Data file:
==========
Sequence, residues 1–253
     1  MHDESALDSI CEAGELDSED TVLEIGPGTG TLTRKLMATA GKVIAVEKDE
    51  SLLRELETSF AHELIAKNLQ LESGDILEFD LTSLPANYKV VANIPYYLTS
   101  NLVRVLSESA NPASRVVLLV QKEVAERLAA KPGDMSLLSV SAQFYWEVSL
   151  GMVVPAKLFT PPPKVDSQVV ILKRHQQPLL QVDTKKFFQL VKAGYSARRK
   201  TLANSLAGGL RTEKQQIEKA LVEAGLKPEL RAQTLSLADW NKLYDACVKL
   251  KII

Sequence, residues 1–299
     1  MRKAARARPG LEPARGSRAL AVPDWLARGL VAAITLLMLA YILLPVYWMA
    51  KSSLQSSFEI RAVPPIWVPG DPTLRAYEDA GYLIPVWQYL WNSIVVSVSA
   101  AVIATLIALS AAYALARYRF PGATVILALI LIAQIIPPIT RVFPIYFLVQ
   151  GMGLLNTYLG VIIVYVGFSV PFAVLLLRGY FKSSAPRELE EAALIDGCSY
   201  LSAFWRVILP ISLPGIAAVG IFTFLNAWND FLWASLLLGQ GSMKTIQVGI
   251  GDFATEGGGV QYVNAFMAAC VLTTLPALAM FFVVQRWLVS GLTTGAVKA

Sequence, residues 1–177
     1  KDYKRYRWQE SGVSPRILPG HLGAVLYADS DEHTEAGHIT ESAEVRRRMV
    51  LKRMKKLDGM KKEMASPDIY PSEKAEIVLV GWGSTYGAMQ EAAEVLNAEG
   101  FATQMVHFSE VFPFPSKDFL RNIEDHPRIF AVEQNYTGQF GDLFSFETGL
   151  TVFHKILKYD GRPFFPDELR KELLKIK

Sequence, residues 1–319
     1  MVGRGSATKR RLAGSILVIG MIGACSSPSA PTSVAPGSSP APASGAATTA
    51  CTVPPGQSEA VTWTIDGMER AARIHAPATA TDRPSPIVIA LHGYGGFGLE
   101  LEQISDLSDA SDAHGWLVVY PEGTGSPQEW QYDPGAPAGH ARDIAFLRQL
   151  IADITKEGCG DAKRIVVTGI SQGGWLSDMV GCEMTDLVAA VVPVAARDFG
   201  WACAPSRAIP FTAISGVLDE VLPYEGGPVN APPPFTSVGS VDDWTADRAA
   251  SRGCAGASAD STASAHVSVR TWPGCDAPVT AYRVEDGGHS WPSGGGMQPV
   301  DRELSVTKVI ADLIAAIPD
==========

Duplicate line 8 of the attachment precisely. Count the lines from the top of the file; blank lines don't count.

Sequence, residues 1–299